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POWERS OF SEARCH AND SEIZURE - Search warrants - Validity 

Monday, March 02, 2020 @ 9:07 AM  

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Applications by the accused for exclusion of recordings of private communications intercepted by the police due to breaches of their s. 8 Canadian Charter of Rights and Freedoms (Charter) right. The accused were charged with conspiracy to import cocaine and importing cocaine. The police investigation began as an investigation into a suspected breach of trust offence committed by a CBSA officer, R. The accused Andrews was also a CBSA officer. R was seen in the secure area of a restricted air cargo warehouse wearing his CBSA uniform, even though he was off duty. He was seen removing several boxes from the warehouse and then driving away in a blue pickup truck. The accused Andrews and L were in regular phone contact with R. The three accused were intercepted allegedly communicating about a conspiracy to import cocaine through Pearson International Airport. Investigators interdicted two shipments of bricks of cocaine. After each interdiction, the accused were intercepted allegedly discussing their failure to obtain a missing shipment. At no point during the investigation did police deploy the stimulation tactics outlined in the officer’s affidavit in support of the first wiretap authorization. The police interceptions were conducted pursuant to five successive judicial wiretap authorizations. The Crown conceded that if the first warrant was invalid, all subsequent authorizations fell because the subsequent authorizations were obtained based on information gathered pursuant to the first authorization.

HELD: Applications allowed. The affidavit presented to the authorizing judge in support of the first authorization was materially misleading. The court was not, however, persuaded that the officer or other members of her investigative team engaged in a deliberate and conscious effort to deceive the authorizing judge. The evidence supported the accused’s contention that the police always intended to implement their “wait and see” plan as set out in the internal Investigational and Planning Report, although the officer represented a different plan to the authorizing justice. The two steps in the investigative plan were effectively inverted in the affidavit, thereby furnishing an evidentiary foundation for reasonable and probable grounds when none existed. The officer’s affidavit wrongly gave the impression that the first of three successive stimulation tactics would immediately be deployed as soon as the wires and probes were installed, when in fact the plan was to postpone the implementation of any stimulation tactics and “wait and see” what communications were intercepted. Police could not have obtained authorization for the “wait and see” plan because it lacked the requisite reasonable and probable grounds. The authorization could not have issued absent the misleading information in the affidavit. An accurate affidavit would frankly and explicitly disclose that the investigators had no grounds to believe that the interception of R’s private communications in September 2016 would afford evidence of his alleged offences in January 2016 absent the deployment of any stimulation tactics. An authorizing judge could not have found, based on such an amplified record, that the affidavit demonstrated the requisite reasonable and probable grounds. The officer ought to have known that the affidavit she swore was misleading and to have realized that it misrepresented the existence of reasonable and probable grounds when none in fact existed. The breach of the accused’s Charter rights was not of a merely technical nature. It was neither an excusable slip nor understandable mistake. The seriousness of the Charter-infringing conduct was aggravated by the officer’s unwillingness to own up to her mistakes which militated in favour of excluding the evidence. The police in this case unlawfully intercepted the accused’s private communications in their homes, in their vehicles and on their mobile electronic devices, over an extended period of many months. Admitting the evidence in the circumstances of this case would negatively impact society’s confidence in the justice system. The evidence must therefore be excluded.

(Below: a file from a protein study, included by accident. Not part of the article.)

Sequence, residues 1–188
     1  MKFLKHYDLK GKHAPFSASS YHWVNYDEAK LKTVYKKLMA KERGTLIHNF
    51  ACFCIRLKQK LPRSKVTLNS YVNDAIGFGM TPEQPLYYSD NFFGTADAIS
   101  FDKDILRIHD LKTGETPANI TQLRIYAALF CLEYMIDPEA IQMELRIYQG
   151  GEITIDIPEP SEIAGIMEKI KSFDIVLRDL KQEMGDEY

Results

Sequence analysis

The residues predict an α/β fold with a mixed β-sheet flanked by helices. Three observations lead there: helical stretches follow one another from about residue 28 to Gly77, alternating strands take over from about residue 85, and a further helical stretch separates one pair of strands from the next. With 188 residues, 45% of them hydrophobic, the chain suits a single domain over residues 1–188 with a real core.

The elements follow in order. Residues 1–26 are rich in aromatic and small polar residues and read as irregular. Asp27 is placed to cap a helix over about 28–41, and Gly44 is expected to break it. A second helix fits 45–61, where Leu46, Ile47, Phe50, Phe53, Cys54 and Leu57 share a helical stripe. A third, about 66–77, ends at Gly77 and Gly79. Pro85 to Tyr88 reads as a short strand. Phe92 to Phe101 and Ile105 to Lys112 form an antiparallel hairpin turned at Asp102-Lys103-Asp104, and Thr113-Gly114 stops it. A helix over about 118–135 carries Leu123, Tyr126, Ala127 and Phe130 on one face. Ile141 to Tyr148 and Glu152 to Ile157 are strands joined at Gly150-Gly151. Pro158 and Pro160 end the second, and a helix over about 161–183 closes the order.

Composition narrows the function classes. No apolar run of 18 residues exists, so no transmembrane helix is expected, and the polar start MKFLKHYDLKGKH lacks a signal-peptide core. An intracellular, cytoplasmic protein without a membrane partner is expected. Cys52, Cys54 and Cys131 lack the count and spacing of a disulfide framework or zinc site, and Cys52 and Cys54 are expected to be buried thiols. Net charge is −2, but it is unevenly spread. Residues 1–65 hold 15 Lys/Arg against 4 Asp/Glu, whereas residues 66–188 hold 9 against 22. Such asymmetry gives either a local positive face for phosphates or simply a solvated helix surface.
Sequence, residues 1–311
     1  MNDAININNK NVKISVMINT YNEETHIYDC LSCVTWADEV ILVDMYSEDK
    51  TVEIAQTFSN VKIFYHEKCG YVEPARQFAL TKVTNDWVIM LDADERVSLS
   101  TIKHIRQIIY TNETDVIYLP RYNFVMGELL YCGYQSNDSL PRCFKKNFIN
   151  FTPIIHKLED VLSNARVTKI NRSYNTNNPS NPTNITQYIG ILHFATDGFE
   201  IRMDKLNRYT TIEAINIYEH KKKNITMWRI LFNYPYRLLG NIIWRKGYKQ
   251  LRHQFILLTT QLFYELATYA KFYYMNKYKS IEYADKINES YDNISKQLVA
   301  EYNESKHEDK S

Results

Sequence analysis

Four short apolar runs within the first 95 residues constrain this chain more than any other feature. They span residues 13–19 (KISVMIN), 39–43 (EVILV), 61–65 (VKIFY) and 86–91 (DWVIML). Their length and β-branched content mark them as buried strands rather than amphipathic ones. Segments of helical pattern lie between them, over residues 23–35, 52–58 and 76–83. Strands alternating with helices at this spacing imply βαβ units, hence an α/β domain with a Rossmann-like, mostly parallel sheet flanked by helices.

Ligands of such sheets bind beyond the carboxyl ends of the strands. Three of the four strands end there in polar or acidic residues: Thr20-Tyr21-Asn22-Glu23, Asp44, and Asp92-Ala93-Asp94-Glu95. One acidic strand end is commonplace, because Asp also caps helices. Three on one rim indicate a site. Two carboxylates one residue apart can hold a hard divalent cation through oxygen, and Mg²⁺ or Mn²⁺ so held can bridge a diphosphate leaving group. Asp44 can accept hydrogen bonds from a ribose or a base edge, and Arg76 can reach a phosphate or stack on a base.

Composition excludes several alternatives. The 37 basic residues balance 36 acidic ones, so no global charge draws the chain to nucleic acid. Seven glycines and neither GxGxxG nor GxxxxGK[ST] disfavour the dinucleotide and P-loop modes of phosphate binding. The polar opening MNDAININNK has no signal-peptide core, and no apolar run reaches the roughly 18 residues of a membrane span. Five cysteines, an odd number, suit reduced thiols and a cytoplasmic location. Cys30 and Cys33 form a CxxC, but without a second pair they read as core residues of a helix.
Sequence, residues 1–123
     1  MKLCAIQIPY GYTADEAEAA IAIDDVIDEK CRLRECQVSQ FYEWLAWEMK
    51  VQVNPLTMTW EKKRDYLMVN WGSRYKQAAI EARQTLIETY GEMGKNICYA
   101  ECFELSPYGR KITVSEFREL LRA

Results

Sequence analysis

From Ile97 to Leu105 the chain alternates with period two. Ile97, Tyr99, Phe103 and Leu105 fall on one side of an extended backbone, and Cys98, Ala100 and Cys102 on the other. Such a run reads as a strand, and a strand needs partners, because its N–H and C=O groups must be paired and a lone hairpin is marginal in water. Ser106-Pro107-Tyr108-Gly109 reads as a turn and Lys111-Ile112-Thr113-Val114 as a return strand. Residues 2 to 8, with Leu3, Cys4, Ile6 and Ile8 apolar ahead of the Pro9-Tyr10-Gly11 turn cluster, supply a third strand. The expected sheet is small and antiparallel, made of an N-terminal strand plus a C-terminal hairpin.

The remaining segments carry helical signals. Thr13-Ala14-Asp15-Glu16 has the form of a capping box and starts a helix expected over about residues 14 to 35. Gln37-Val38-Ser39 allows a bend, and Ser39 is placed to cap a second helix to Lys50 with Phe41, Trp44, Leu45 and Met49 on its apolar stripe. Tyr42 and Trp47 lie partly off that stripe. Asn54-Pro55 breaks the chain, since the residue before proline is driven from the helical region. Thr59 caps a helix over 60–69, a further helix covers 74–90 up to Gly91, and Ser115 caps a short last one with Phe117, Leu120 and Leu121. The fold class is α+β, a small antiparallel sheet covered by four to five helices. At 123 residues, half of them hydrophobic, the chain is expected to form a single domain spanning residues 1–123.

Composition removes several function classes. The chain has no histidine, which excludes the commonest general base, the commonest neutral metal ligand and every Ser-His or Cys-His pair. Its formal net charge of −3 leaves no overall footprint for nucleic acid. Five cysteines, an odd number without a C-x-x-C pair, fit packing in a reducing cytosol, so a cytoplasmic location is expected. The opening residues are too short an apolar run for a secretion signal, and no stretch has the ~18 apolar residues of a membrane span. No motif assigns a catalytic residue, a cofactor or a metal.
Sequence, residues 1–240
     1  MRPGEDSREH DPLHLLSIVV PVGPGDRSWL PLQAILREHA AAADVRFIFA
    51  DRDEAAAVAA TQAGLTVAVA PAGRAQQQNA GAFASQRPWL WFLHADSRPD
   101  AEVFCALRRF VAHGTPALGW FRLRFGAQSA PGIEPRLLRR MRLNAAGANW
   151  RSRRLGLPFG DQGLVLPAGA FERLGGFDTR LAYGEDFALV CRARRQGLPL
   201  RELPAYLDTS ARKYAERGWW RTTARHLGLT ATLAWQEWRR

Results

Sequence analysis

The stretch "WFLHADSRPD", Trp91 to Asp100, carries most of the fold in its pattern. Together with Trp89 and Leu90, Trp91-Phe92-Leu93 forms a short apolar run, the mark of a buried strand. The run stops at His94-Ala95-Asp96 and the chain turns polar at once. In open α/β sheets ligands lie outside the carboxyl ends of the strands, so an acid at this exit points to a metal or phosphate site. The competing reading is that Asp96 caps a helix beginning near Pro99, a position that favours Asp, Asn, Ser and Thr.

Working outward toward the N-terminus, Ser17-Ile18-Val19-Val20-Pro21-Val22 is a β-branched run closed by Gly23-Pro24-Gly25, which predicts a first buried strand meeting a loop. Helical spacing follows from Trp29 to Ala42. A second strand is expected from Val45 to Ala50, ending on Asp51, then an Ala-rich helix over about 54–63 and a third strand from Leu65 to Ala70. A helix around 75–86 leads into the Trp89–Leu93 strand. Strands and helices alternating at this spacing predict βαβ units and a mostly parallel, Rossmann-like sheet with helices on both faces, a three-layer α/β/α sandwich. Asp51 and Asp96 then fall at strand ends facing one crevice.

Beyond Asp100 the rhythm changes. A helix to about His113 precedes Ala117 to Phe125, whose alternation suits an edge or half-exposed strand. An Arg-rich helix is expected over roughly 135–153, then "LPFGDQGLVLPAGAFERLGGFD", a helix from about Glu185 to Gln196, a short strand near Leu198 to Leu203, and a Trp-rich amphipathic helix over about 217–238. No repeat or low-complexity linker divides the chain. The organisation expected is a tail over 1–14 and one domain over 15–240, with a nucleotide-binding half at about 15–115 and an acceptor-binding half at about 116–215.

R. v. Andrews, [2020] O.J. No. 11, Ontario Superior Court of Justice, C. Petersen J., January 3, 2020. Digest No. TLD-March22020002